Here's why Trump’s potential criminal prosecution wasn’t brought up during impeachment

Rep. Jamie Raskin (D-MD), impeachment manager, reveals what went down during the impeachment hearing

By Sarah K. Burris
February 15, 2021 6:30PM (UTC)
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In this screenshot taken from a congress.gov webcast, Lead Impeachment Manager Rep. Jamie Raskin (D-MD) speaks on the second day of former President Donald Trump's second impeachment trial at the U.S. Capitol on February 10, 2021 in Washington, DC. House impeachment managers will make the case that Trump was “singularly responsible” for the January 6th attack at the U.S. Capitol and he should be convicted and barred from ever holding public office again. (congress.gov via Getty Images)

This article originally appeared on Raw Story

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Rep. Jamie Raskin (D-MD) revealed in an interview with the Washington Post's Jennifer Rubin that President Donald Trump's second impeachment trial was an emotional experience.

"We could have lost it all," he said, talking about the attack on the Capitol. "There were people calling their children to say goodbye."

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Raskin said that he would not censor the emotion that people experienced during the attack while presenting a "lawyerly case."

He understood the problems that Americans faced is that we've spent four years banning "critical thinking, science and reason" over "propaganda. It's a profound challenge to democracy."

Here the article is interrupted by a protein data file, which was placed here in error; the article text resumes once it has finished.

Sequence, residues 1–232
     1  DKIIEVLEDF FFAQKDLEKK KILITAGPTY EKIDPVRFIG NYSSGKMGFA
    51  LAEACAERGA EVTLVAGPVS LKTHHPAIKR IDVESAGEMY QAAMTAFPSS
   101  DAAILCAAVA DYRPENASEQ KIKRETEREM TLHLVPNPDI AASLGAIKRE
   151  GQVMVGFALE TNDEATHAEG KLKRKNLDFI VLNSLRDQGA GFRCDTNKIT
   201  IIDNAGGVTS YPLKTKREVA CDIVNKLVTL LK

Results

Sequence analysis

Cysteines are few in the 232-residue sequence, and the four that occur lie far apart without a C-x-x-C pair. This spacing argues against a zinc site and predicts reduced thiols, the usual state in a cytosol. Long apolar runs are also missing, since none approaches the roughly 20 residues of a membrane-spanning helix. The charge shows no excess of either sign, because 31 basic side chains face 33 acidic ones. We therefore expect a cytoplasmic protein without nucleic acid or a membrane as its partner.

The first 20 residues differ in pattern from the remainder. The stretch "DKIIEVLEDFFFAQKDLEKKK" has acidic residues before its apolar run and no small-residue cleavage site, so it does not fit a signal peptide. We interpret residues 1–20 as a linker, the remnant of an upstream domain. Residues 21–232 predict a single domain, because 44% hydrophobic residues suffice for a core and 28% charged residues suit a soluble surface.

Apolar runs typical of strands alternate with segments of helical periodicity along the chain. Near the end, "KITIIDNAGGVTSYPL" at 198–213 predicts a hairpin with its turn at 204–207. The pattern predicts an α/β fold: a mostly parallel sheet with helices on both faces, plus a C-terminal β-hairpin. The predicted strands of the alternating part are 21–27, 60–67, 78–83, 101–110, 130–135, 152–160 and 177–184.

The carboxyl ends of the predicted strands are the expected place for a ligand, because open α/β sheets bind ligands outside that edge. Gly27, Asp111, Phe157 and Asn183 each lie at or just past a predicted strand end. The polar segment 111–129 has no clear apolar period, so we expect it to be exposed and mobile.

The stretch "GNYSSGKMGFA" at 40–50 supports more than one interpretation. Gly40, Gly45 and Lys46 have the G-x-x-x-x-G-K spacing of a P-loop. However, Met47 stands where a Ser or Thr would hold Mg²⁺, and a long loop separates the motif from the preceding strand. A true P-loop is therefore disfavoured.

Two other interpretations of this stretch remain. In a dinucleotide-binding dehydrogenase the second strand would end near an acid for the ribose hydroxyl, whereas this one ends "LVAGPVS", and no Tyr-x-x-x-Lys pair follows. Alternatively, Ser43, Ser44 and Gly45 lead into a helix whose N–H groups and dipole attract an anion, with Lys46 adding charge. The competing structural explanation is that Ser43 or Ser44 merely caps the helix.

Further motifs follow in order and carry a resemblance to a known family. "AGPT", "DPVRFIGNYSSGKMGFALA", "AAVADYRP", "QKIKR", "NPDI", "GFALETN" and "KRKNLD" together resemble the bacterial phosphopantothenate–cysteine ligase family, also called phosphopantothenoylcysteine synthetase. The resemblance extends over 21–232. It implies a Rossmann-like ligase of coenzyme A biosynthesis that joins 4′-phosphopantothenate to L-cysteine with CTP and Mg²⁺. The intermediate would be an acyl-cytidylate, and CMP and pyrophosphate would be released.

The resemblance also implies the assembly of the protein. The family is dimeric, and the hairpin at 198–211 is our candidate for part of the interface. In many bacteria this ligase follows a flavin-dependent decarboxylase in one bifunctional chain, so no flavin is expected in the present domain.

Rubin noted that Raskin held back about questions on Trump's eventual prosecution.

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"I believe in prosecutorial independence," Raskin said. He remarked that such a thing "was another casualty of the Trump administration." Still, "there are a lot of criminal statutes being used" to prosecute Capitol attackers who went from the Trump rally to the Capitol.

"He is a profile in absolute cowardice," Raskin also said. "He betrayed the Constitution, the country and his people."

Raskin also explained that the decision to put Vice President Mike Pence at the center of their argument wasn't part of a big strategy, it just happened that way.

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"There was a method to all [his] madness. This was the counting of the electoral votes," Raskin said. Trump assumed that if he could convince Pence to throw the vote, it would somehow hand him the election and "he could deny the election to Joe Biden."

If the election outcome went to the House, Trump would then "declare martial law" to put down the violence. "Vice President Pence became the linchpin" in that plot. That's why Trump told Pence that morning: "You can either go down in history as a patriot" or obviously as a victim to the attack.

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Read the rest of the interview at the Washington Post.


Sarah K. Burris

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